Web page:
Rational technology choice doesn't exist
Here’s some considerations to take into account:
- Is the project actively maintained? Are issues public and actively triaged? You shouldn’t necessarily be worried about a large number of outstanding issues, but no triaging activity at all can be worrying.
- Is there a continuing active community around the project? You’re looking for multiple project maintainers, lots of contributors, regular releases and plans for the future.
- Are there long-outstanding security vulnerabilities that have gone unaddressed? How serious are they?
- Is there a clear replacement that the community has moved over to en masse? Does it cover exactly the same scope? Is this just hype or is it reflected in true usage numbers? You’re not looking for GitHub stars here, or even NPM install stats. Libraries.io has a ‘SourceRank’ algorithm, but it’s not an exact science.
- What specific pains is your team currently experiencing with the library? Is this down to the library itself, the way it’s being used, or something else entirely? Be sure that you don’t point the finger at a library or framework if the real problem is the spaghetti custom code all over your app. Switching tech won’t solve this problem for long.
- What measurable user benefits would there be by switching? Clear performance improvements? Have you proven this?
- Could you replace it with something you would maintain yourself, such as a forked version? What are the implications of doing this?
- What impact is use of the technology having beyond software development? Are you struggling to hire people? Do you find yourself keeping quiet about it during the hiring process out of embarrassment? (This is not a good reason to switch, by the way, but it is a good reason to be honest!)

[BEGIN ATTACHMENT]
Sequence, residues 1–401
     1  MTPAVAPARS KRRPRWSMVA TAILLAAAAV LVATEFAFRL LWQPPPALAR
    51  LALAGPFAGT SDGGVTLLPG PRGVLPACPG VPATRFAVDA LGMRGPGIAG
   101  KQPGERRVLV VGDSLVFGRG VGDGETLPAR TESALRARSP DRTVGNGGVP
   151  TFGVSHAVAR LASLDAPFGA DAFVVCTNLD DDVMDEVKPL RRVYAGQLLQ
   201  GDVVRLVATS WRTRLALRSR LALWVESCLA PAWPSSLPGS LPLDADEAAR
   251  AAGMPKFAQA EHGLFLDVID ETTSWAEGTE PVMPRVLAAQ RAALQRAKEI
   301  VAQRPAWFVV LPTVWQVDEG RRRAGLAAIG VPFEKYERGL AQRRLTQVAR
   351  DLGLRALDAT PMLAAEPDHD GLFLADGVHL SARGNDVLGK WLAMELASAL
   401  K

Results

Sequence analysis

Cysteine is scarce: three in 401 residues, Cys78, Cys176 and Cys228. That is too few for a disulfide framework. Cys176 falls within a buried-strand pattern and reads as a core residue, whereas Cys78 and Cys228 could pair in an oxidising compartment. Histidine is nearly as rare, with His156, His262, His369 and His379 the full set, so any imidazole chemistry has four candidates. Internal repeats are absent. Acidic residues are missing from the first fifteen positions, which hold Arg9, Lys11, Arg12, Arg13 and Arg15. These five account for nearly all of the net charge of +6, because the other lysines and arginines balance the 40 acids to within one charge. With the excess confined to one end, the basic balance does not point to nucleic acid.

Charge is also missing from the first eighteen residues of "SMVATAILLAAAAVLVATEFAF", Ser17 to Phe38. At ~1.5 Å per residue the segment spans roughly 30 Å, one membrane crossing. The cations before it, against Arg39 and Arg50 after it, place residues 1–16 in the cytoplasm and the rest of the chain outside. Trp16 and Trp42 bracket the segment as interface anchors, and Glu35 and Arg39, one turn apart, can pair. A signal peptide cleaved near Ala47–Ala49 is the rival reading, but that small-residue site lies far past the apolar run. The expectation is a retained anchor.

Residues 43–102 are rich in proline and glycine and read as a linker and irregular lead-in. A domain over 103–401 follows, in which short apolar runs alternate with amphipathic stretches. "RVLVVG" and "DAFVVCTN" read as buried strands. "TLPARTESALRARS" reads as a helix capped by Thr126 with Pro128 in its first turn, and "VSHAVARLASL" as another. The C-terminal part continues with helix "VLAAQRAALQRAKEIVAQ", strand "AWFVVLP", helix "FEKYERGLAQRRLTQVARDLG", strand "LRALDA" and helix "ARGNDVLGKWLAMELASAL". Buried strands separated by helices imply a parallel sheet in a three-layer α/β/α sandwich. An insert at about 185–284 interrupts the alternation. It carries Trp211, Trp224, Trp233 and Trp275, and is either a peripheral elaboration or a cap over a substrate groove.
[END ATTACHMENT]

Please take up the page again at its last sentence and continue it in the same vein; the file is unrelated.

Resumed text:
- Does retaining the technology impact the adoption of other technologies? How so? How much of a problem is this?
You get the idea. This list goes on.
The point is, none of this can be boiled down to an objective rating, an impact measurement or a decision algorithm. Ultimately, it’s subjective. It’s a matter of judgement as to what applies in your circumstances.
It’s a qualitative decision that may have quantitative impacts. But you’ll be hard pressed to isolate the impact of this one decision as its effects will be felt over a long period of time.
But, that does not give you the excuse to make an uninformed decision. Yes, you’ll need to use judgement and experience, but you’ll need to gather as much evidence to support it.
Even more importantly, it’s better to make a quick decision that is reversible, than a reasoned and carefully planned decision that can not be undone. (I’m paraphrasing Jeff Bezos here).
For me, that means taking gradual steps and using hypotheses and experiments to understand the effects of making changes. Minimise the costs of making mistakes, but don’t avoid mistakes altogether, because you won’t.
All the best,